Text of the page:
Leader: This exercise will spur discussion concerning who
is the most important person in an organization. It looks at
the levels of leadership from entry to c-suite. Start by
reading the following story.

Sam Walton is one of my heroes. He founded the retail giant
Walmart. Sam was a great leader because he understood
that no one in any organization was less important than
anyone else.

Walton was the founder and CEO of the company yet he
truthfully did not believe he was more important than the
store manager or the stock clerk or the cashier or the person
that swept the floor.

Without a strong buyer locating great products at an
outstanding price why would a customer enter Walmart’s
doors? Where would the store be if the person sweeping the
floor did not do a great job? It is not this person’s efforts that
make the store inviting to the customer? And without the
stock clerk diligently and accurately stocking the shelves
how would the customer find what the buyer had ordered?
And if the cashier did not properly great the customer and
accurately tally the purchase with a smile would the customer
feel welcomed and the efforts of the buyer and stock clerk –
and Walton himself – be successful?

Walton’s accurate point is that each person must see their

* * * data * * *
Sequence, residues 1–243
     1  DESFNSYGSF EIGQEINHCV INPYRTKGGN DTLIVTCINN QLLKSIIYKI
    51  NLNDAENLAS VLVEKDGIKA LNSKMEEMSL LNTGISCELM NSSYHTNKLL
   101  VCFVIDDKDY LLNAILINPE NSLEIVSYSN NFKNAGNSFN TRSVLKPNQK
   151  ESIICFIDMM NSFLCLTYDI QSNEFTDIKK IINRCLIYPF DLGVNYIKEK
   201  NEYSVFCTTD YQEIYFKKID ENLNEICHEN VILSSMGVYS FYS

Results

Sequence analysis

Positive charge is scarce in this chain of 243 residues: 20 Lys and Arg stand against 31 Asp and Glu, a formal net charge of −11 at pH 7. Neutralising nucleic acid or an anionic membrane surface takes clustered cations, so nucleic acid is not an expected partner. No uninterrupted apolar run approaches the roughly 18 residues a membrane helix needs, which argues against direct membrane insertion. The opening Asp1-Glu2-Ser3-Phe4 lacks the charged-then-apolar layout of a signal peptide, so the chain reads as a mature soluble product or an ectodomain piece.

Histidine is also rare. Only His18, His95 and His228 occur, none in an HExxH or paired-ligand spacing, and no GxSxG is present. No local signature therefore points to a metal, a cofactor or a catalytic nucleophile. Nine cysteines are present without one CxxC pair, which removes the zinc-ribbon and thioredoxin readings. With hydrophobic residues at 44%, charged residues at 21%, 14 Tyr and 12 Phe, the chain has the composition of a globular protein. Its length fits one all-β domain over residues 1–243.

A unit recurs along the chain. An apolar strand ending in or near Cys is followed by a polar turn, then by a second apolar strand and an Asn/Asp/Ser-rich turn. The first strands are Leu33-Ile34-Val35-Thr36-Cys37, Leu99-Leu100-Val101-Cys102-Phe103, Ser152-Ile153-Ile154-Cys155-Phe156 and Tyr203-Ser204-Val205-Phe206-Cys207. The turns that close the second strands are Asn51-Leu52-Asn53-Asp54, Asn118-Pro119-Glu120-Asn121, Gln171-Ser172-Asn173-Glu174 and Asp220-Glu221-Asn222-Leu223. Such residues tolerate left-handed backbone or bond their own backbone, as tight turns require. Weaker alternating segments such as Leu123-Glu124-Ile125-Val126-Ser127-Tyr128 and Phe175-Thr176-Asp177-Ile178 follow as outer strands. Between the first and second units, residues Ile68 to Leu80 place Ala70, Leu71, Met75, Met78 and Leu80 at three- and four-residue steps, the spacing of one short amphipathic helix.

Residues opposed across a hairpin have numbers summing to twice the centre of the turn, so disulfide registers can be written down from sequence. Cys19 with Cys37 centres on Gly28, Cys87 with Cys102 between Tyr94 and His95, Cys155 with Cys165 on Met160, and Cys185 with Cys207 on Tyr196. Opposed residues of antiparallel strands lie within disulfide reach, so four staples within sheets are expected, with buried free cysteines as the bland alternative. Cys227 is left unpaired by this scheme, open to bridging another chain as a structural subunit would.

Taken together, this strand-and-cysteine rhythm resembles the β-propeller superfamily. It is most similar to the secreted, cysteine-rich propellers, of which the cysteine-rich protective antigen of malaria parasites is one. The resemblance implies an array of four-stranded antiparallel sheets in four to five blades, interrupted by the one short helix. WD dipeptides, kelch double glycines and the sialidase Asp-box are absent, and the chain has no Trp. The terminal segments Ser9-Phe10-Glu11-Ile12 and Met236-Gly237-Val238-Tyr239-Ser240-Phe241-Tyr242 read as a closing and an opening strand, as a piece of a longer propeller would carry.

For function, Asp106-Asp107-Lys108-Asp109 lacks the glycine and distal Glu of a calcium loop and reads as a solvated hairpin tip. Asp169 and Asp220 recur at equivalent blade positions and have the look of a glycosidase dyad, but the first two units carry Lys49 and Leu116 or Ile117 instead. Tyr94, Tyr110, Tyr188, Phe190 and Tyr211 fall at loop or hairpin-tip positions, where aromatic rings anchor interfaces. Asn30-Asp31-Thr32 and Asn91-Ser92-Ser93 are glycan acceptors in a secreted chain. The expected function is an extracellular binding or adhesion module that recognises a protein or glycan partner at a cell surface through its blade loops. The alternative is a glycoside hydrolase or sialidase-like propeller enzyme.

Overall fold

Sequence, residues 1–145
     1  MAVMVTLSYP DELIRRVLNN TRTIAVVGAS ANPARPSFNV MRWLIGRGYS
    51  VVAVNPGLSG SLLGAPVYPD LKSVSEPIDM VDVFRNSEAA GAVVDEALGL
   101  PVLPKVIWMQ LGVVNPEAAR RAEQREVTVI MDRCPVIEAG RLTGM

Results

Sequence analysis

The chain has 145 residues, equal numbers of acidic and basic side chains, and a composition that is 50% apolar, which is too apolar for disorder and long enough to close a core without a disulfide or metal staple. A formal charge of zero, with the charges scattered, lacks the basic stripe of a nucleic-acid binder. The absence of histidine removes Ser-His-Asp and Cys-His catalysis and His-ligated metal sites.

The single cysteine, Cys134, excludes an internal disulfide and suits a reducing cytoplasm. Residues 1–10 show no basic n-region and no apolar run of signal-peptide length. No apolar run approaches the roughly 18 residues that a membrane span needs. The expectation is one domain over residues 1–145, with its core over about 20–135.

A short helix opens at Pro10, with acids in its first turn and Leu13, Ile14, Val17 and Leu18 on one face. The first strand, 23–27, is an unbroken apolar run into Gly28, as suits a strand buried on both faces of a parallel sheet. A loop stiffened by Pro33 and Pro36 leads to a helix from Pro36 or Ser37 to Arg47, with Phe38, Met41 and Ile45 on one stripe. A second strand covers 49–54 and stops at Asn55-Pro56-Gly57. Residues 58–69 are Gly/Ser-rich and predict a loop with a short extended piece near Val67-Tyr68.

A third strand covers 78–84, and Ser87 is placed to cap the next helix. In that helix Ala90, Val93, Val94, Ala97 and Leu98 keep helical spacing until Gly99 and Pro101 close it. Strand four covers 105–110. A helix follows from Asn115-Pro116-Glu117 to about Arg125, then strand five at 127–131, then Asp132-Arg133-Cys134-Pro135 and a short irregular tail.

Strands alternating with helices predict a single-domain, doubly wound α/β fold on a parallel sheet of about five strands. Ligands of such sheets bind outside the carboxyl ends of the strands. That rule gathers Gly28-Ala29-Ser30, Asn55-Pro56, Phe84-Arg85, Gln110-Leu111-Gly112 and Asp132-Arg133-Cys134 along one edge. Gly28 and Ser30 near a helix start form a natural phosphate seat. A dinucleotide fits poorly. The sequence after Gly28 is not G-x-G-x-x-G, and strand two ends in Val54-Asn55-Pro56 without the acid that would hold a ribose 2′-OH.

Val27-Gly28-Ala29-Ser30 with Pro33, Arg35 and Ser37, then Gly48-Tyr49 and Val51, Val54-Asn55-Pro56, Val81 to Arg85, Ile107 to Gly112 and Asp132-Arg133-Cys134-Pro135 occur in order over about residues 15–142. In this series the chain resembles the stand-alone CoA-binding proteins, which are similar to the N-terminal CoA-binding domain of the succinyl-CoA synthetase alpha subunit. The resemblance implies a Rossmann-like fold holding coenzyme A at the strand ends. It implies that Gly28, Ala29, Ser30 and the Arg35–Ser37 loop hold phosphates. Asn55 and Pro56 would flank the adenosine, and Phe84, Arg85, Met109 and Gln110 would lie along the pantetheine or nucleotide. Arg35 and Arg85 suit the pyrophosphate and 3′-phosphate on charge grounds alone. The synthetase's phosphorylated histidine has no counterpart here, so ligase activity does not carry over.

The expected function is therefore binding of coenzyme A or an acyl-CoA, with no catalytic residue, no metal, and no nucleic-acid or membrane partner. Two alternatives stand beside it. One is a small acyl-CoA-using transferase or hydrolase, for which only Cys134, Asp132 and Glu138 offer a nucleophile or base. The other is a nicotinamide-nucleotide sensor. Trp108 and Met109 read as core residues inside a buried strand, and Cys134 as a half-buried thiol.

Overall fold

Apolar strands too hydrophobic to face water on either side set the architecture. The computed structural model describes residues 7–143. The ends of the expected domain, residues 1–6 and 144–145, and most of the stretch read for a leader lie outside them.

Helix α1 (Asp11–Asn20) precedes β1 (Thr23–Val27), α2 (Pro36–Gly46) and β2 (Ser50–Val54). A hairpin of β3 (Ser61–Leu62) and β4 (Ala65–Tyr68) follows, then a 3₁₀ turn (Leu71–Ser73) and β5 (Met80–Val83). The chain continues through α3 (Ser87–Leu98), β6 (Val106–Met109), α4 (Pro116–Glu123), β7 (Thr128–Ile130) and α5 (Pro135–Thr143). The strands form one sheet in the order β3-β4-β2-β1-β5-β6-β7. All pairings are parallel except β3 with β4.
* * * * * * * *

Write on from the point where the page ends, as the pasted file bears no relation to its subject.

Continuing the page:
contribution to their employer as a value added component
of their company’s success. This is an absolute. It is true
because we must recognize our own contributions and feel
good about them.

Leader: This experiential learning discussion will ask the
questions to personalize this to each participant. In large
groups this can be discussed in small groups for ten
minutes before a 10 minute debrief. In smaller or coaching
sessions allow up to ten minutes for discussion.

After reading the above article open the floor of your
workshop, team meeting, or other developmental event to
discussion. Ask these questions to help participants apply
Walton’s view to their workplace or team.

  1. In your organization is there real or perceived bias that
    supervisors consider themselves more important than
  2. What does an entry level person in your organization
    do that nobody else will do, or even dos not know how
    to do?
  3. What can each participant do to convey the
    importance of all employees that do not think they are
    as important (or their ideas and knowledge is as
    important) as those at other levels?

Related resources:
Max has created these exercises over the
years, although some are modifications of
or systemization of public domain
exercises. For more experiential learning
click here.

©2017 Max Impact, Rochester Hills, Michigan, USA
Who is most important?
Group exercise